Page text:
Basal cell carcinoma is the most common skin cancer in white people in the U.S. and accounts for 77% of all non-melanoma skin cancers.
About 700,000 new cases are diagnosed and treated each year in the U.S. (Ref.6). It grows in skin that has been pre damaged by exposure to ultraviolet light. It rarely metastasizes like other cancers do, but it invades underlying surfaces including bone. It used to be a skin cancer of the older generation.
However, because of the obsession of suntanning from teenage years on it is not unusual to see patients in their 30’s or 40’s with the first basal cell tumor. The person that has developed one basal cell cancer, has a higher likelihood of developing more later in life. By the time a person has had 10 basal cell cancers, there is a probability that this person will develop one more such cancer in each following year.
The clinical appearance of the basal cell cancer is a skin colored to pink, shiny, raised papule which is slightly translucent and slowly growing. It may ulcerate in the center as it enlarges and develop a rolled border. There are various variations, which would be very familiar to the dermatologist to whom this patient should be referred to.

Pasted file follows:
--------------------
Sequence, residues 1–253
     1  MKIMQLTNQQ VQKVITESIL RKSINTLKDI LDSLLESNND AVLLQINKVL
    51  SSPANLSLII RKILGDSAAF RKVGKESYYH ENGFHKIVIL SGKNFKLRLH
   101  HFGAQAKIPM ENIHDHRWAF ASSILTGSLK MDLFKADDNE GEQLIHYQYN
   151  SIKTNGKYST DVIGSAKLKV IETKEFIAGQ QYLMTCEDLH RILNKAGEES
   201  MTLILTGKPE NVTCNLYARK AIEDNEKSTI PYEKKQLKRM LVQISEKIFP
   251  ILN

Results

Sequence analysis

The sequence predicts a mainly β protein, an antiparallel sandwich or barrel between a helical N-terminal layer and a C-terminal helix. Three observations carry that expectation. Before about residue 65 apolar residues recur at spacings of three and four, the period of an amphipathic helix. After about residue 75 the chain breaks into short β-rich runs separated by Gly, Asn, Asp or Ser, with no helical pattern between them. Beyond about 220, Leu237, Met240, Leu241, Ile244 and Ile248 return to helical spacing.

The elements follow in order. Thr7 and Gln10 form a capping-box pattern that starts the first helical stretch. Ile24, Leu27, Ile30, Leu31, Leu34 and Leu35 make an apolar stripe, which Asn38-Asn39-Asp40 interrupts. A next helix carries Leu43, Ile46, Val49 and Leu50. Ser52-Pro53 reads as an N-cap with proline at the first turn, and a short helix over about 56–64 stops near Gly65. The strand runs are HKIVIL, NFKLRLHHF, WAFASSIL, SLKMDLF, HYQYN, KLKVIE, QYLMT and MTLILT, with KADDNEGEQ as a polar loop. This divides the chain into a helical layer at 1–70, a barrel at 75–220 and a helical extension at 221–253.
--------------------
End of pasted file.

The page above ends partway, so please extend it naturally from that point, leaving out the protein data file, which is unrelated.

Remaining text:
Treatment of basal cell cancer
Basal cell cancer can be treated by various means such as chemotherapy with topical 5-FU , radiotherapy or cryosurgery, which has a cure rate of 90% to 95%. However, a surgical technique called
Mohs’ micrographic surgery has a success rate of 96% to 99% (Ref. 4). This technique consists of a combination of microscopic shavings and analyses of the removed layers as frozen sections by the pathologist. With this method the dermatological surgeon can remove the last cells of the tumor under “microscopic” vision. This way not too much and not too little tissue is removed, which eliminates the danger of cancer recurrence almost completely.
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